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Joel in the bible

The book of Joel is a prophetic book that depicts the experiences of Israel in the land of Canaan, and their relationship with God. It describes the destruction and restoration of Israel, as well as the coming judgment and blessings promised by God to his people.

Joel is one of the twelve Minor Prophets in the Tanakh, or Hebrew Bible. It is the first book of the minor prophets, with a total of twelve chapters. It is named for its author, Joel (or Yoel) the son of Pethuel (1:1).

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The book’s theme is God’s call to his people to turn from their sins and return to him. The prophet Joel addresses the issue of locusts, or swarms of grasshoppers, that destroy crops (1:1-2), but also calls on his fellow Israelites to repent because they have ignored God’s commands (3:9). Joel emphasizes that right behavior will bring blessing, while immoral behavior brings punishment; this idea continues throughout the book and even into chapter 3 where he mentions people being drunk or sleeping around with other people’s spouses as things that will not go unnoticed by God (3:16-17).

In the book of Joel, we see a prophet who is called to speak out against injustice and oppression. The people of Israel had been conquered by foreign powers and were being oppressed by them. This is something that would be familiar to many peoples today, who are suffering under the yoke of colonialism. It’s easy to identify with the people of Israel in this situation: they’re facing oppression at the hands of those who have taken away their land, caused them to suffer famine, and are oppressing them in other ways as well.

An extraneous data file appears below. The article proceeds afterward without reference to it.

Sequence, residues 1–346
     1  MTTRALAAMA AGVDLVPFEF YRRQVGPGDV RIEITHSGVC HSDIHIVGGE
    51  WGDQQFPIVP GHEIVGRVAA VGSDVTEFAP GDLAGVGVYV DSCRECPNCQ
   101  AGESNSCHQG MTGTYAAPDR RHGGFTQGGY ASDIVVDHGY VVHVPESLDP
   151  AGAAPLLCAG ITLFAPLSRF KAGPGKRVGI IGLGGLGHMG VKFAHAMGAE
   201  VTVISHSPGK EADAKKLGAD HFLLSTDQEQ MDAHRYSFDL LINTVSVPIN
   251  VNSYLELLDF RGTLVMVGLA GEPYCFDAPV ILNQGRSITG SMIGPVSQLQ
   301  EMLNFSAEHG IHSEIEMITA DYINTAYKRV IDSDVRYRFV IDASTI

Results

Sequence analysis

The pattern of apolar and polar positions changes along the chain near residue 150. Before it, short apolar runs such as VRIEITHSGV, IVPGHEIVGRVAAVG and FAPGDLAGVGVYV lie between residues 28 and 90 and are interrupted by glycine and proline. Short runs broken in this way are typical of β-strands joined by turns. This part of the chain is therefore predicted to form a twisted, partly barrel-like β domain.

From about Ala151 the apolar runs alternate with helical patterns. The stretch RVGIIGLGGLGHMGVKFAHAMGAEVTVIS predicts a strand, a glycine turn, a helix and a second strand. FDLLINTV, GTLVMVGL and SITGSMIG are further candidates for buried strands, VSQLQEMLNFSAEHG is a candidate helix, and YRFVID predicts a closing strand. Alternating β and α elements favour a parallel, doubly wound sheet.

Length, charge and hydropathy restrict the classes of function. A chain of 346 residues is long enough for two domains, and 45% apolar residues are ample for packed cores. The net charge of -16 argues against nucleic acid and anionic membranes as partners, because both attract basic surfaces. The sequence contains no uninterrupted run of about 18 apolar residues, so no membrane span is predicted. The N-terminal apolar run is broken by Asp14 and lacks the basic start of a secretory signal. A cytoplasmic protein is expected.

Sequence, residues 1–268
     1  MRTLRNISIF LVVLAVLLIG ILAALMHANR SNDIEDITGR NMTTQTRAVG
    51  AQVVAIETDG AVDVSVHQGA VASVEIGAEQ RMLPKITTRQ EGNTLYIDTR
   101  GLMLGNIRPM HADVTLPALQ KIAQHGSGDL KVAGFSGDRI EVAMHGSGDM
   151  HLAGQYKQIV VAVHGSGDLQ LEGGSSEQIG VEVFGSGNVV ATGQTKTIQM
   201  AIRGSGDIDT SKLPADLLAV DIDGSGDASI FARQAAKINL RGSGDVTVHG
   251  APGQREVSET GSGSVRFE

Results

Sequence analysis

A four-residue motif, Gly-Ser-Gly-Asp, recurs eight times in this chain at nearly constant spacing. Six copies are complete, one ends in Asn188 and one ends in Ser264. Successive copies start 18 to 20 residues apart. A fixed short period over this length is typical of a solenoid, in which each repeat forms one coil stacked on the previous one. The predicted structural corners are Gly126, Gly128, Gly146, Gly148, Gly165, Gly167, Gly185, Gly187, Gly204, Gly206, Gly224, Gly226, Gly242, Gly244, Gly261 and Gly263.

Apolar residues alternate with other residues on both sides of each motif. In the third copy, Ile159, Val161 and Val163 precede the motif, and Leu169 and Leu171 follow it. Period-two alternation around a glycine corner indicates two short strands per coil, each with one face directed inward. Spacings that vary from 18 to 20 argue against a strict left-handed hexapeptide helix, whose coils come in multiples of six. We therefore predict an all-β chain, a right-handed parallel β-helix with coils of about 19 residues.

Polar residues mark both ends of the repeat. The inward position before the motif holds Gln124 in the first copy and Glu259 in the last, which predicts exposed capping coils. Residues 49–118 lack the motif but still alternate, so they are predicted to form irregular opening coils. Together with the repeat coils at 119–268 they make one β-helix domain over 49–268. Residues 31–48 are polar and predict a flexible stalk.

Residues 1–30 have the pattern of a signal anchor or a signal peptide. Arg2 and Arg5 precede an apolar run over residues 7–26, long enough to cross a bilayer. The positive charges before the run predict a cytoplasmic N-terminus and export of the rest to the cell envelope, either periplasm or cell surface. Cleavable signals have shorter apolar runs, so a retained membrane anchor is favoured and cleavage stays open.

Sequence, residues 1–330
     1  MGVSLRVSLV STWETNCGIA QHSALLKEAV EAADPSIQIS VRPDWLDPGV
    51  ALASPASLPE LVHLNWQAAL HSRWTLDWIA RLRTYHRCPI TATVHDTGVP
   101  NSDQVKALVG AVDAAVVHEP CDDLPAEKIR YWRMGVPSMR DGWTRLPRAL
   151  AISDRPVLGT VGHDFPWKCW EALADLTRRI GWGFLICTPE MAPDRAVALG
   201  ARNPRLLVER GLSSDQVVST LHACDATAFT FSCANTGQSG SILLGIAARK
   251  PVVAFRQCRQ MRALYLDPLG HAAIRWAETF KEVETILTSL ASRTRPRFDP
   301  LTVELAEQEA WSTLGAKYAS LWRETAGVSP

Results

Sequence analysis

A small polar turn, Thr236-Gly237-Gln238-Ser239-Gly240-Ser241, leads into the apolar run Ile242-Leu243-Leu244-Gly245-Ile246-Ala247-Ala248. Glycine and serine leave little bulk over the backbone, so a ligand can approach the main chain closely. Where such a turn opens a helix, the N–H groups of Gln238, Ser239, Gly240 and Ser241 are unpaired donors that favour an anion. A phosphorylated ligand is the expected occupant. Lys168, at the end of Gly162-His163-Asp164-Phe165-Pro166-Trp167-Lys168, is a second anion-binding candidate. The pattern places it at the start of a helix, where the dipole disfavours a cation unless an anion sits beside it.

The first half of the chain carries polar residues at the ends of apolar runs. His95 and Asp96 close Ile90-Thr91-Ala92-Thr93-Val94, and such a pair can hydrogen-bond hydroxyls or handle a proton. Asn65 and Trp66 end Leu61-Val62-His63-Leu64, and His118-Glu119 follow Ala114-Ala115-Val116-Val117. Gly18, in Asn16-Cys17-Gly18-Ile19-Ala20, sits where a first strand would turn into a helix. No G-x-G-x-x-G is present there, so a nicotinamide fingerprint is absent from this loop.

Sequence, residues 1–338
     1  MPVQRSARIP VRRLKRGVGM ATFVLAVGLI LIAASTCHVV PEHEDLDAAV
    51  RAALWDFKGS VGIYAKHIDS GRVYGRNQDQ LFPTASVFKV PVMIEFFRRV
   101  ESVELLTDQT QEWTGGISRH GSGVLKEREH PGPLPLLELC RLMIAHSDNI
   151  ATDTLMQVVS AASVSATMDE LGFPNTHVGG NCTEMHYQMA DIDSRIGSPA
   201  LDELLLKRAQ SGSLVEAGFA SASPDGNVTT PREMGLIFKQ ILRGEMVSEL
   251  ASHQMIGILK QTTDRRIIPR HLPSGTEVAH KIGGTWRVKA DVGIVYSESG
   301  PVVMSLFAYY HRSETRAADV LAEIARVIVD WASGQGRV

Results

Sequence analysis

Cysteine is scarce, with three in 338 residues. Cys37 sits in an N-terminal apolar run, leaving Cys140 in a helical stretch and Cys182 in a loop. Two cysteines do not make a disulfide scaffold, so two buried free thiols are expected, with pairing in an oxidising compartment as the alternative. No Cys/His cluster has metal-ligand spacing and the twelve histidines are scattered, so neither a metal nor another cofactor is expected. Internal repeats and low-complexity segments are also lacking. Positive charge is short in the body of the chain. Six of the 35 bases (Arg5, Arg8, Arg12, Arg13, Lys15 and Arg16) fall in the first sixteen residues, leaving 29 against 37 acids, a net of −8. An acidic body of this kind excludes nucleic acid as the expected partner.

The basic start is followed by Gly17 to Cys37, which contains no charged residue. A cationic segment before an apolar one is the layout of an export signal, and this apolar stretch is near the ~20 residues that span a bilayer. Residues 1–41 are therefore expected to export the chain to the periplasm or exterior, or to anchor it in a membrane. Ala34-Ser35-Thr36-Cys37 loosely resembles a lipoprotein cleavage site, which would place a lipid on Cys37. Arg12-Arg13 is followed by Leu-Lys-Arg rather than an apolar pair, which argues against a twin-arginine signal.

The prophet Joel calls for God’s mercy on the people of Israel, but he also calls for them to repent and make amends for their sins. He says that if they do so, God will restore their land and stop punishing them with famine.

Joel’s prophecy has two parts: one is about what will happen if Israel repents (the restoration of their land), while the other part contains warnings that if they do not repent then God will punish them further (with more famine).

Joel is a book of the Bible. It was written by Joel, a prophet. The exact time period for when this book was written is unknown, but it is generally thought to have been written sometime between 900 BC and 500 BC.

The book of Joel covers many topics such as:

  • God’s love for all people (1:2)
  • The destruction of nations (2:2)
  • The restoration of Israel (2:21)

Joel is a book in the Old Testament of the Bible. It was written by Joel, who was a prophet during the reign of King Josiah (r. 640-609 BCE). The book contains a series of oracles, which are speeches that contain messages from God.

The book begins with an introduction to the nation of Israel and their relationship with God. Joel then describes how God’s judgment has fallen upon them because they have turned away from Him and worshiped false gods instead. In addition to this, he also warns them that if they do not repent, then God will bring even more severe judgments on them.

Joel a Prophet in the Bible

Joel was a prophet of ancient Israel, the second of the twelve minor
prophets and according to the book itself the author of the Book of
Joel. He is mentioned by name only once in the Hebrew Bible, in the
introduction to that book, as the son of Pethuel (Joel 1:1). The name Joel
combines the covenant name of God, YHWH (or Yahweh), and El
(god), and has been translated as “one to whom YHWH is
God,” that is, a worshiper of YHWH.